Labour protests in China increase rapidly amid economic slowdown


Labour protests in China have increased rapidly since August of last year, according to rights groups, especially in the lead-up to the Lunar New Year, which began late last week, a media report said.
Labour protests more than tripled in the fourth quarter of 2023 compared to the same period in 2022, according to data collected by New York-based international rights group Freedom House’s China Dissent Monitor, which tracks protests in China, VOA reported.
Analysts say this unrest is linked to poor working conditions and China’s ongoing economic difficulties, the report said.
The China Dissent Monitor recorded 777 labour protests in China between September and December 2023, compared to 245 in the same period of 2022.
Independent data from the Hong Kong-based China Labour Bulletin, which promotes Chinese workers’ rights, recorded an additional 183 protests between January 1 and February 3, 2024, including 40 in Guangdong province alone.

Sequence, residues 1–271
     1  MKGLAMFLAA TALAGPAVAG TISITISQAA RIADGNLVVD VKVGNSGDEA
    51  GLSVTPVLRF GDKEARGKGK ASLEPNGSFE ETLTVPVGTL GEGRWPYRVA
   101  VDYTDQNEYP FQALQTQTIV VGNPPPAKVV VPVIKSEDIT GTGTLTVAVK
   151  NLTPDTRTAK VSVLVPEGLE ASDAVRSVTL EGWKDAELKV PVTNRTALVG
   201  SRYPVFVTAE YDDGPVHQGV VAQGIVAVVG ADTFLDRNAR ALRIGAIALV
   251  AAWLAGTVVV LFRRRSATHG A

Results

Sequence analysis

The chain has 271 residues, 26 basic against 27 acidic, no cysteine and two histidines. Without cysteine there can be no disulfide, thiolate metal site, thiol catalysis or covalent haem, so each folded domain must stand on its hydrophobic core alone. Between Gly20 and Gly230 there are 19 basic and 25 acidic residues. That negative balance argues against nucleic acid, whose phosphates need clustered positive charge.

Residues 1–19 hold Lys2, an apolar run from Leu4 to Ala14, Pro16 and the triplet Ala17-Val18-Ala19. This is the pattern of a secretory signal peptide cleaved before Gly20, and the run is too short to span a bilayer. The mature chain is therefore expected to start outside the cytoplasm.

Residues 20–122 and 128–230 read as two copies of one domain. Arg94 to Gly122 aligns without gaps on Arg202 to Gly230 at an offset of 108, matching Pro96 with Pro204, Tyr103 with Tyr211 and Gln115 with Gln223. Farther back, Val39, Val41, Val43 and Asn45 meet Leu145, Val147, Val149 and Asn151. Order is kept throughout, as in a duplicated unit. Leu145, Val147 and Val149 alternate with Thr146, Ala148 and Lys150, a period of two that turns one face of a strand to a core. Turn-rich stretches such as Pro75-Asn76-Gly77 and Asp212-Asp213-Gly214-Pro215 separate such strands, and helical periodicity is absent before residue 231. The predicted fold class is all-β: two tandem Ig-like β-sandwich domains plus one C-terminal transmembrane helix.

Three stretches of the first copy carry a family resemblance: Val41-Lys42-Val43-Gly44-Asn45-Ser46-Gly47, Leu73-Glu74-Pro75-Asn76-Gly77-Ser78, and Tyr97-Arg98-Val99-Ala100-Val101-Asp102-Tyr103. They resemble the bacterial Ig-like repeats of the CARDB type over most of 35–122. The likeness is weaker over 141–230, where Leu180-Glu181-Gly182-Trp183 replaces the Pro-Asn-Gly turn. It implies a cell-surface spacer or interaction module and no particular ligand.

Kevin Slaten, who leads the China Dissent Monitor, said worker protests are often linked to wage disputes and occupational safety.
Li Qiang, Founder and Executive Director of New York-based China Labour Watch, which advocates for the Chinese labour movement, said that in addition to China’s economic slowdown, an “implosion” in the real-estate sector and reduced manufacturing was also a factor.
“China’s high-level economic problems ultimately set the foundation of the increase in labour protests this year,” Li said, adding, “Due to the decrease of manufacturing orders, among other things, a lot of companies face financial challenges that trickle down to workers.”


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